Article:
A Gift that Keeps on Giving

July 5, 2013

South%20SCAccording to 2010 Fast Pitch Presenter Meredith Curry, before going through the Fast Pitch program, “There was no way for me to explain what we did in less than 15 minutes.”

Meredith Curry presented in Fast Pitch during her tenure as Executive Director of South Central Scholars, a nonprofit that provides a support network to ensure that underprivileged students are equipped with the tools they need to graduate from college and succeed in life.  South Central Scholars is a multi-faceted organization with a diverse offering of programs and services.

After the Social Innovation Fast Pitch, Meredith could break down the essential facts about South Central Scholars in less than 3 minutes in a way that is interesting and compelling.  Meredith certainly grabbed the judges’ interest at the Fast Pitch competition, taking home the prize for Best Pitch.

South Central ScholarsIn addition to the $5,000 Best Pitch prize that they received, South Central Scholars made connections with audience members at the Fast Pitch event that led to new volunteers for the organization and a $25,000 grant to put towards STEM scholarships (science, technology, engineering and math).  Meredith also sustained her relationship with her Fast Pitch coaches, who still serve as her personal and professional mentors.  “My coaches were fantastic,” says Meredith. “They are two of the most supportive people I have met in my professional career.”

Fast Pitch also helped Meredith connect with her peers in the nonprofit sphere.  She realized that nonprofit professionals have few opportunities to connect with each other in their day-to-day work, so “the opportunity for collaboration and networking between nonprofits through the programs LASVP provides is super valuable.”  Meredith still meets with three other Fast Pitch participants regularly to share resources and offer each other support.  Inspired to keep the collaborative spirit going, she also started the College Access Brain Trust, a group for nonprofit professionals working to help all students achieve college access and success. “We can talk about how to improve what we do and build off each other’s work, and that’s been a great learning experience.”

Fast Pitch is “a gift that keeps on giving,” says Meredith. “I tell every nonprofit to apply for Fast Pitch… It’s an amazing resource.”

At the time of her pitch in 2010, Meredith was Executive Director of South Central Scholars.  Currently, Meredith is the Director of Operations at the California College Guidance Initiative.  You can watch Meredith’s pitch below:

For more information about the Social Innovation Fast Pitch, click here or follow us on Twitter or Facebook.

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Becoming a Stronger Executive Director: Professional Development through Fast Pitch

July 5, 2013

Alina Bodke Pitching“One thousand people crammed into a two car garage. This is the amount of green space a child growing up in a poor neighborhood in Los Angeles can ever hope to have.” This shocking fact was delivered to the 2012 Social Innovation Fast Pitch audience by Alina Bokde, Executive Director of the Los Angeles Neighborhood Land Trust (LANLT). LANLT’s work to secure land for future parks and gardens in low-income areas builds up communities. Opportunities for exercise, community engagement, citizen leadership, and safe and fun time outside are given in the green spaces LANLT secures. And Alina’s Fast Pitch experience helped her articulate “not just why the Land Trust is important, but why the issue of green spaces is so important.”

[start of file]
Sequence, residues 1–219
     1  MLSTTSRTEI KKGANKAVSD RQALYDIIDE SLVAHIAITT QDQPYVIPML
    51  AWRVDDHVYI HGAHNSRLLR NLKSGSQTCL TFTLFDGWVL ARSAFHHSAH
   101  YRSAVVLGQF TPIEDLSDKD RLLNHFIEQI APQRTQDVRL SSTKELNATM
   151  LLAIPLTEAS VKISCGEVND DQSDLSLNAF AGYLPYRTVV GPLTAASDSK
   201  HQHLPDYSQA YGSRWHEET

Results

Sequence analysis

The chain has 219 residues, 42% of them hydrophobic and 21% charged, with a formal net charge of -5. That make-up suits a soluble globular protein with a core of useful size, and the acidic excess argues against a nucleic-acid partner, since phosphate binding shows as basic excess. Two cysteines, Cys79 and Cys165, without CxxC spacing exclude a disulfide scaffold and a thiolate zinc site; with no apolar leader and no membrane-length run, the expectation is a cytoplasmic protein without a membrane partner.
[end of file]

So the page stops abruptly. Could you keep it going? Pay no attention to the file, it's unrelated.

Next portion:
Working with her Fast Pitch coaches, Alina found new ways to connect with her audiences and deliver her powerful message. “I used to say a child had .01 acres of green space. Nobody knows what that is. But now I can say ‘a thousand people in a two-car garage’ and people can understand that. They can see it.” Alina continues to weave elements of her pitch into her other speaking engagements and says that having strong statements already in mind has been very helpful.

Los Angeles Neighborhood Land Trust LogoShe’s even getting her staff on board! “It was great for me to have dedicated time for professional development and I wanted to share that with my staff.” Alina says “you hear about elevator pitches all the time, but that was something I had never been trained on,” and now the whole LANLT staff is receiving the training. Sharing her experience, Alina asked everyone on her staff to create a 3-minute elevator speech about LANLT and how they contribute to the organization. “It really got the staff listening to each other – critiquing one another, reviewing together, sharing language with one another, learning things from each other.”

Alina says, “It’s great how the pitch and process has really translated to other areas. [Fast Pitch] made me a stronger executive director.”

Alina Bokde is the Executive Director of Los Angeles Neighborhood Land Trust (LANLT). Watch her pitch from the 2012 competition below:

For more information about the Social Innovation Fast Pitch, click here or follow us on Twitter or Facebook.


Fast Pitch Success: Get on the Bus

June 6, 2013

Get On The Bus Mom and DaughterWhen asked how she became involved with Get on the Bus, community outreach director Karen Van de Laat half-jokes, “I basically called and informed them that I would be taking the job.”  She had seen a Craigslist ad for the position at Get on the Bus, and knew it was exactly what she wanted to be doing.  “If I won the lottery tomorrow, I’d still keep doing this job.”

Karen won the $5,000 coaches’ award at LASVP’s 2011 Social Innovation Fast Pitch for Get on the Bus, a program that gives kids and their guardians rides to see their mothers and fathers in prison.  Parents in prison are often hundreds of miles away from their families, so the distance and expense makes the trip impossible for many children.  “As a mother, I just can’t imagine being separated from my child like that,” says Karen.  Prisons have noted the improved behavior and decreased recidivism in inmates who have visits with their children. While Get on the Bus has historically only been able to provide trips on Mother’s and Father’s Day, the success of the program is leading to additional trips.

Get on the Bus Logo“We have raised much more money than we did the previous year—this is definitely because of Fast Pitch,” says Karen.  She used to “wing it” when speaking to potential donors, and would often forget to mention important points and kick herself for it later.  The Fast Pitch helped her get her “best of the best” message down pat, and now she is able to adjust her pitch based on her audience and how much time she has to speak.  “Now we know how to talk to a whole different audience,” says Karen, who used to restrict most of her outreach to churches.  “That’s a major change for Get on the Bus.”